New Additions: October 2016

4th November 2016

We add hundreds of fonts to the Identifont database every month. Most of these are recent releases, and some are simply new acquisitions from foundries who were not yet represented on our site. Stephen Coles gives his take on the most interesting recent additions.

Gabriela Stencil

We’ve seen an uptick in classical serif stencils over the last few years, including Dala Floda (2010), PF Regal Stencil (2010), Bery Roman (2012), St Croce (2014), and Parmigiano Stencil (2015). Gabriela Stencil takes the category in a more ornamental direction. The curled terminals fit well with the style, recalling the brass stencils for fancy 19th-century labelling. It’s especially effective in the heavier weights. Don’t miss the alternate glyphs. Gabriela is the debut retail release from art director Antonio Mejía Lechuga who has made lettering and custom type for a variety of clients in Mexico City.


The first time I saw Stiggy & Sands’ new Kapture I thought of Alejandro Paul, whose successful scripts like Ministry and Adios are inspired by the spirit and elegance of 1930–40s commercial lettering. Paul’s fonts tend to emphasize his numerous twirling swash options which give his designs more of a contemporary than retro look. Kapture, on the other hand, feels like it comes straight out of some ad for a 1936 luxury sedan. Rather than swashy add-ons, there are still plenty of stylistic and contextual alts to keep things interesting and maintain a natural calligraphic rhythm.


Mala Condensed Extra Light

Mala Extended Black

Mala is the MA project of Barbara BigosiƄska a promising Polish designer who graduated in 2013 from the Type and Media program at Royal Academy of Arts in The Hague (KABK). The concept takes the engraved hand-lettering style of traditional cartography and modernizes it to the 21st century. Its core purpose is map typography, as beautifully illustrated in its printed specimen and the images on the Bold Monday site, but the large range of weights and widths and sturdy quality make it useful for all sorts of things. It’s the kind of loose, informal slab that would add a bit of levity to a magazine or corporate identity.

Dunbar Low

Dunbar Text

Dunbar Tall

Erbar-Grotesk – one of the first and most popular geometric sans serifs of the 1920–50s – is a prime example of an important metal typeface that hasn’t really been given a thorough digital revival. Linotype did only a single Condensed style and URW’s 5-weight family lacks the refinement of the original. CJ Dunn’s interpretation offers three sub-families which differ mainly by x-height. Dunbar Low has the most in common with Erbar’s typical character, while Dubar Text reflects the proportions of the metal’s smallest sizes. To these Dunn added a more personal variant, Dunbar Tall, whose extreme x-height, truncated extenders, and vertical stroke endings update Erbar’s personality and enable compact headlines. This mutation is inspired by 1960s–70s phototype mods of classic faces, such as Erbar NeoFutura Maxi, and ITC Kabel. Dunbar is the premiere offering from Dunn’s new label CJ Type and is the first commercially available font in the nascent OpenType Font Variations format, allowing future users limitless weight and x-height options between the family’s extremes.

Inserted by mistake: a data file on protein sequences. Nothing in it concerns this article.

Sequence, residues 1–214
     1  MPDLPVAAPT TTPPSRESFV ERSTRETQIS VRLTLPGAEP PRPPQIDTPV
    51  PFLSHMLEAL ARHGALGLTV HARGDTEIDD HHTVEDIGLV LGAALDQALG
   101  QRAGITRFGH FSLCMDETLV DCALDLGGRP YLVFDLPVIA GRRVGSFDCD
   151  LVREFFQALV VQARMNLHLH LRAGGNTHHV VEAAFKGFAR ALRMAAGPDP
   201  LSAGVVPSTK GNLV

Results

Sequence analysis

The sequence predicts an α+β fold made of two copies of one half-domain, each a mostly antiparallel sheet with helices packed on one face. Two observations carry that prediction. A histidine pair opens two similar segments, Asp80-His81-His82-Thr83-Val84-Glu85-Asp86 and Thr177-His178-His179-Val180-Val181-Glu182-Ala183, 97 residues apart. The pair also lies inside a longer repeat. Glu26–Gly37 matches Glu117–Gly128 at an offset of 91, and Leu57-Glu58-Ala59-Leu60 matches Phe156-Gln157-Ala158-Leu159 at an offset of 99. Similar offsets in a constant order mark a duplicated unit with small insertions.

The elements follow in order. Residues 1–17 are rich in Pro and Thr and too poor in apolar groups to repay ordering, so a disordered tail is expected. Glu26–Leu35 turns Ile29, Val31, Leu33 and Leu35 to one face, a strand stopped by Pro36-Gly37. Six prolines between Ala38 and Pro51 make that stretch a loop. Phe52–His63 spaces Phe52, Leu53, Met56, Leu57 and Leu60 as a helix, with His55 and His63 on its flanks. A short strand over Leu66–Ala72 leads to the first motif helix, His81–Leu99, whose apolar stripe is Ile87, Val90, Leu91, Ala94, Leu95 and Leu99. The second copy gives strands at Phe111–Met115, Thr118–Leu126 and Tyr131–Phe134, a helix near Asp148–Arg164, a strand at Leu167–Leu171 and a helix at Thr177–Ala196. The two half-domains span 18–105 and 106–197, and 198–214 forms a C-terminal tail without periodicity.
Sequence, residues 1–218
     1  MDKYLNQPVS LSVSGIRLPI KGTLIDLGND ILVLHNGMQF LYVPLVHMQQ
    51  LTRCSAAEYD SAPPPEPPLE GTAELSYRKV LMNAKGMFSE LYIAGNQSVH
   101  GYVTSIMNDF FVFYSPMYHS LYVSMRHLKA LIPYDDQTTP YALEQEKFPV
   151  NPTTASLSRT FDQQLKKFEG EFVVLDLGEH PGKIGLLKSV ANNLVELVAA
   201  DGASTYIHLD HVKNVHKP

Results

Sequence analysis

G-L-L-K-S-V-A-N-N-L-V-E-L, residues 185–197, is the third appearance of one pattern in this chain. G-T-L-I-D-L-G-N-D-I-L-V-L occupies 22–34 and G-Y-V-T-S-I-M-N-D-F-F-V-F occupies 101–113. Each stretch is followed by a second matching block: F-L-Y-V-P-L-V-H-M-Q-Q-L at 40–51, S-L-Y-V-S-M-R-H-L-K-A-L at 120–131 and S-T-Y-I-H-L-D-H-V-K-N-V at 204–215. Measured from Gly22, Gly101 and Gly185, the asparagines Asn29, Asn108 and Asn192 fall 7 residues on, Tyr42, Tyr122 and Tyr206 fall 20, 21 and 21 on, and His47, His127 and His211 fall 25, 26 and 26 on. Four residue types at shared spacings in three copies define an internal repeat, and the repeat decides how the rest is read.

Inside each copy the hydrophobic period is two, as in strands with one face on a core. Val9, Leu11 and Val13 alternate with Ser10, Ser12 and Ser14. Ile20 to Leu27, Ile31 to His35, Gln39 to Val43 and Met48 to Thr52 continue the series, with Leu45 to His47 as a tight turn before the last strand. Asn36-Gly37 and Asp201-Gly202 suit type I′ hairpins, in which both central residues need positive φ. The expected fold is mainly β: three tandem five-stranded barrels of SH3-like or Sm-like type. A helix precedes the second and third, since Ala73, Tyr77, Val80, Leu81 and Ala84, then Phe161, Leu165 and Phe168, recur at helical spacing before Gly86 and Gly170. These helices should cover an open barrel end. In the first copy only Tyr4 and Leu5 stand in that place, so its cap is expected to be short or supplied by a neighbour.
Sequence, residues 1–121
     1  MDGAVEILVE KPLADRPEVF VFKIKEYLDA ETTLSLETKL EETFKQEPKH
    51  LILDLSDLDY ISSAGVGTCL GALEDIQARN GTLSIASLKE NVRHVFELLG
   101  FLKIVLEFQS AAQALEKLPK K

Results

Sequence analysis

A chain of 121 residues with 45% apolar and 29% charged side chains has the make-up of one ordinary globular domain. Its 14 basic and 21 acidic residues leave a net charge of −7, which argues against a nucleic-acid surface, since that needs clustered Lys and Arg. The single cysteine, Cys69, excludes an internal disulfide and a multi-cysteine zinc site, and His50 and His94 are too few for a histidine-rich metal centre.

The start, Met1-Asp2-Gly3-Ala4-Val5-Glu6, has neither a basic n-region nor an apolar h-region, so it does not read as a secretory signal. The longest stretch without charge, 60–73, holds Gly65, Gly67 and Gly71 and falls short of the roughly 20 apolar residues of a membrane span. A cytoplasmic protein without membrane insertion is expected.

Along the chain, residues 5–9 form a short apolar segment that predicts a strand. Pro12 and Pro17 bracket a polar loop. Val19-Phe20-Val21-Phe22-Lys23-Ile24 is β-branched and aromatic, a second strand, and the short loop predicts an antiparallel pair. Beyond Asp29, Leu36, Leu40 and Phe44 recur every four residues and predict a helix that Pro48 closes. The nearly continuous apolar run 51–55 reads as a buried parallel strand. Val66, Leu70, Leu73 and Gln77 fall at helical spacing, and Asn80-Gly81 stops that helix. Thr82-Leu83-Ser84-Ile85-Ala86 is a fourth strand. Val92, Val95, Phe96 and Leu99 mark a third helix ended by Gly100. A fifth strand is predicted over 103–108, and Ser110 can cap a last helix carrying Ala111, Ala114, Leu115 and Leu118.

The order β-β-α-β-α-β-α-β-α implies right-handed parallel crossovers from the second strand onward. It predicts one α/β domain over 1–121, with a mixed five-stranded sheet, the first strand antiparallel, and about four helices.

Pathos gives us the opportunity to admire Rui Abreu’s courage. In a time when many type makers homogenize and water down their concepts to make them as versatile (and commercially viable) as possible, this Portuguese designer-on-the-rise allows his newest idea to stretch out in strange ways. The ‘E’ has a severe underbite, the ‘a’ is top-heavy, the jutting serifs are unexpectedly prominent, and corners often appear where curves oughtta be. But Pathos isn’t weird just for the sake of it; there is a balance and confidence to the idiosyncracies. Its weight remains visually constant between stroke and serif – even in the Black – making it like an odd younger brother of Silica, another admirable and underappreciated monoline slab.

Jonesy Script

Keeping on the theme of type without stroke contrast, I was delighted this week to discover Jonesy. It is a set of two unassuming fonts – Capitals and Script – meant to set happy little bits of copy. At first glance there isn’t much to the design, but the effortlessness of the Script in particular demonstrates how much effort Ksenia Belobrova put into its underpinnings. The ligatures ensure that the strokes flow through letters uninterrupted. Without fanfare, it sets words as if each one was lettered by hand. Jonesy is the second release from newcomer Ksenia Belobrova, following the equally charming Di Mare from earlier in the year. I hope to see more of these well-crafted yet unpretentious typefaces from her in the future.

By Stephen Coles